• Go to the device manager (in the control panel)
  • While the EV3 is on, find it in the device manager. It should be located under the "Network adapters" submenu, listed as "USB Ethernet/RNDIS Gadget" or something similar. In some cases, it has a number at the end (e.g., #2 at the end)
  • Right click or use the keyboard on the device and select "Update Driver Software..."
  • Select the option to browse your computer for the driver manually
  • Select the option to pick from a list of device drivers on your computer
  • Click or use the keyboard to get to "Have Disk..." to open a window where you can point Windows to a specific driver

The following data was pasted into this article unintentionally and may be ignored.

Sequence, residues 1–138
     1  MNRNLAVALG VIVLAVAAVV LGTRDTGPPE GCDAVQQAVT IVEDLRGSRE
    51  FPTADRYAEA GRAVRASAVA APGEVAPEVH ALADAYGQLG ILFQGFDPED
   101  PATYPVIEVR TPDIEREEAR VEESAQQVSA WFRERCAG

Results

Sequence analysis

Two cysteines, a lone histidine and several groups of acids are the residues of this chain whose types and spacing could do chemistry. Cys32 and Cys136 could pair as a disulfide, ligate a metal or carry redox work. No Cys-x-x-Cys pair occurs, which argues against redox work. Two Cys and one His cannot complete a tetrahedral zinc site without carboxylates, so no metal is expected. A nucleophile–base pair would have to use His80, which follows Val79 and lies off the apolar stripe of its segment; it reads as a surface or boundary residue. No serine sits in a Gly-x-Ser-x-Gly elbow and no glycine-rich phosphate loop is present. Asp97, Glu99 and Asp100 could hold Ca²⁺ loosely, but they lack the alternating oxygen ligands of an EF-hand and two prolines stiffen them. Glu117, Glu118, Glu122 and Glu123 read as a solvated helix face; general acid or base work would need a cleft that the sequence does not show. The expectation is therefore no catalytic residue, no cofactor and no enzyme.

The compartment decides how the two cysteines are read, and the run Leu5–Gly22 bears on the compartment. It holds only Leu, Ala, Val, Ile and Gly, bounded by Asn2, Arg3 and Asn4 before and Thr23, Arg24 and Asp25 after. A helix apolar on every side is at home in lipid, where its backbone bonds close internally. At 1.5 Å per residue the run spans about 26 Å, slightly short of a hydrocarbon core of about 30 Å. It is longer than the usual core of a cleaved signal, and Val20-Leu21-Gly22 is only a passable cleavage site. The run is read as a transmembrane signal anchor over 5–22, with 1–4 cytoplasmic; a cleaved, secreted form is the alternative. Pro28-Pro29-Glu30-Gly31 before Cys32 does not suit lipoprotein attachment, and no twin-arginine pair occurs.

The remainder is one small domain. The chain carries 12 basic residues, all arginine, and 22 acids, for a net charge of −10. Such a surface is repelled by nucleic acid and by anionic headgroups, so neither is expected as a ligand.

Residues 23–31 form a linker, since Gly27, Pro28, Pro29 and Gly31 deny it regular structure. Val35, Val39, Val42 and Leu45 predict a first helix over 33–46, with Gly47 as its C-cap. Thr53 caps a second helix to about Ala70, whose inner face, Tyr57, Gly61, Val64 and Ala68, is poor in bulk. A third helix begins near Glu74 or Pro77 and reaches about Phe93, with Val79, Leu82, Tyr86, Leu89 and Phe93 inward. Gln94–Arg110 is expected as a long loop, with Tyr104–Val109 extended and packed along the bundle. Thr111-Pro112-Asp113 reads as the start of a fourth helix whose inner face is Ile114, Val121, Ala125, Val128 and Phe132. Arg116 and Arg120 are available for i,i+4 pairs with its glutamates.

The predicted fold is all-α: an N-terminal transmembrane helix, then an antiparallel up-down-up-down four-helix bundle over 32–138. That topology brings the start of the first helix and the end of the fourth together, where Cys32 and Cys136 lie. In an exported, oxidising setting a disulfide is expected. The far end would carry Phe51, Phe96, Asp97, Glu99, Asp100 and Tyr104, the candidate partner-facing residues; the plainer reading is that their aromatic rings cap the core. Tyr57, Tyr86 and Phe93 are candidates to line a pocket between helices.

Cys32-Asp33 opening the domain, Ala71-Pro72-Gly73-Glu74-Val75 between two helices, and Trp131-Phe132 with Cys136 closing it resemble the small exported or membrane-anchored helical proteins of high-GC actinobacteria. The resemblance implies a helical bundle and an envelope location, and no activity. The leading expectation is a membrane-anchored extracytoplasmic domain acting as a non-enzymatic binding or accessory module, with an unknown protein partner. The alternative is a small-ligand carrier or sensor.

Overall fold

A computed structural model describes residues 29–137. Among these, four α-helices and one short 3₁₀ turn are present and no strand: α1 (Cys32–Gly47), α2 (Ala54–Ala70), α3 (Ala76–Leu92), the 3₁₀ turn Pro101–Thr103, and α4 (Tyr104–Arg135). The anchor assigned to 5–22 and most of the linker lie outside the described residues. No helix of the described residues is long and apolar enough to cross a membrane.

• Click or use the keyboard to select "Browse..." and navigate to C:\Windows\System32\DriverStore\FileRepository\"rndis folder with a possibly unique name". This folder has a very unintuitive name starting with the phrase "rndis" For example, on one machine, it was called rndis.inf_amd64_1fb2b40d582448a7 during our testing. Once you have found it (the hard part), select or click "Open"
  • Then click or select OK to close the "Install from Disk" window
  • At this point, this should take us back to the main window and only one driver should be listed. Click Next and it will install the driver.

If, for whatever reason, your school has difficulty with getting your LEGO robot up and running, we highly encourage you to send a message to the Quorum Google Group and ask for help.

Next Tutorial

In the next tutorial, we will discuss Motors, which describes how to use lego motors.